Colour not color

Just one programme in the whole world which has colour not color in its menus would be so very nice (unless of course leopard has a British interface which I have stupidly missed)

Tell me about it! As a Brit myself, the interface of early versions of Scrivener had all British English spellings. Unfortunately, they looked so incongruous given that everything else on my English machine used US spellings, and even then “colour” remained “color”, because a lot of the menu and interface items that use this word are part of the underlying OS provided by Apple rather than Scrivener, and Apple don’t do true British localisation - as with Microsoft, they seem to think it’s fine for Brits (or Canadians etc I assume) to put up with US spellings in all the menus.

So, no, you’ve not stupidly missed anything. Even changing the language to British on OS X leaves you with American spellings in the interface - it only affects the spell checker. You will notice the whole of the website and the help files use British spellings, though (“color” is only used where it is the name of an interface item; “colour” is used elsewhere) - and you have no idea how many e-mails I have received informing me that I have “misspelled” the word “licence”, which makes us look unprofessional, and does that warrant a free licence (ho ho) please. (There was even a thread recently in which someone expressed their annoyance at how I used the word “whilst”, which they found pretentious and grating, although it’s part of everyday written language in England - I have actually become self-conscious about using the word now…)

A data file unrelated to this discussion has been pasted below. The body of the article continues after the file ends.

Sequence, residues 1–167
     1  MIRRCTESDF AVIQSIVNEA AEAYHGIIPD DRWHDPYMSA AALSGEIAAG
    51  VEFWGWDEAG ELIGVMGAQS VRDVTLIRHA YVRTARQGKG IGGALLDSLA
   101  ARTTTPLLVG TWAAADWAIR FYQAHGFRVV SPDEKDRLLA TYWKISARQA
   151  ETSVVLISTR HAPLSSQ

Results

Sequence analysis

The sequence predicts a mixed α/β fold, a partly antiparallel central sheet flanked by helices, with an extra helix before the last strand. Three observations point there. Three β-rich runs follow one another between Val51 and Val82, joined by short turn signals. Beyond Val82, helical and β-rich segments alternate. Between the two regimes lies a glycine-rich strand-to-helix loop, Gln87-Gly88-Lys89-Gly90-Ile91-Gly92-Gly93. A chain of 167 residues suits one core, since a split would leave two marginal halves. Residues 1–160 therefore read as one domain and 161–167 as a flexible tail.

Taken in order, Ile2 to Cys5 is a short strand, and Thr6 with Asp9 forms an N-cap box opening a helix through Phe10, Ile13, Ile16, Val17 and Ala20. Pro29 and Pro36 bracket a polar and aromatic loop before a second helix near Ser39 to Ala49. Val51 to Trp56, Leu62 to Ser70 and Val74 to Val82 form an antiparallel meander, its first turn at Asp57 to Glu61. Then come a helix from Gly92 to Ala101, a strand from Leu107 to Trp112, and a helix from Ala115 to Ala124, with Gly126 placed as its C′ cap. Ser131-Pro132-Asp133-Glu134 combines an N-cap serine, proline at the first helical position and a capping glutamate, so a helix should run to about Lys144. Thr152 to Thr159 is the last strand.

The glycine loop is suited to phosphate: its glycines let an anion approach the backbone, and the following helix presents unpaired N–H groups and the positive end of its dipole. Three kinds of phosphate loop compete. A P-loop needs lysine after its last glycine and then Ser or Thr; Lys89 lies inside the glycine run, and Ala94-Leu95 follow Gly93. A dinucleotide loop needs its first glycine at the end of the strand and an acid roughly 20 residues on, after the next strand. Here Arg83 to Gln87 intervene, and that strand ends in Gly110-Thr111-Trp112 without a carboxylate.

All the best,
Keith

Don’t feel self-conscious about whilst or colour or anything else.

There are many wonderful things about America, and I know many lovely Americans (I am married to one), but some of them do tend to assume that everything everywhere is (or should be) exactly the way it is in their country or town or whatnot. Some Canadians, Brits, etc. do this too although I have found (having lived in all 3 countries) it’s a bit less prevalent in Canada and Britain because neither country is super important and culturally dominant enough to have delusions about being the centre of the world. I would be hard pressed, I think, to find a Canadian or Brit who would claim their country the most powerful or most important in the world, but to Americans this is a common and almost automatic belief. It encourages the assumption that others should adapt to them and not the other way round.

I myself have had many such experiences. For example, my first name is French in origin, and I have been told by more than one American that I pronounce my name wrong.

It reflects poorly on individuals, and the education they’ve received, when it doesn’t occur to them that elsewhere in the world things might be a little different - and that’s okay.

Reminds me of an American colleague we had here for 3 years — though I could never work out why she stayed that long as she really wasn’t happy here — Doctorate in Drama Studies, New Yorker, who told one class when she got here that she was amazed to find on meeting me — a mere Brit — for the first time, that there were native English speakers who pronounced the language differently from the way she did!

Mark

Ah, pronunciation. On going to university in the South East after growing up in the West Midlands, my friends used to get endless fun from getting me to say the word “bus”, as it is said “buzz” where I come from, with the “u” much blunter. And these days I find my son’s accent extremely posh, as he’s been brought up in the south - both he and his sister say “grarss” for “grass” and “barth” for “bath”, whereas as a Midlander I have the short vowels used in the North - yet his sister has picked up the horrible London habit of saying “innit?”. And she’s only three.

I had never noticed that Apple forced us to accept US spellings in the OS until Keith pointed it out to me after I complained about an errant zeeeee in customise in the help tutorial … Now that I KNOW it really grates. Would a French user put up with color instead of couleur? (Hang on, may be they do …). Apple have made an English - proper as in British … - dictionary, why not use it?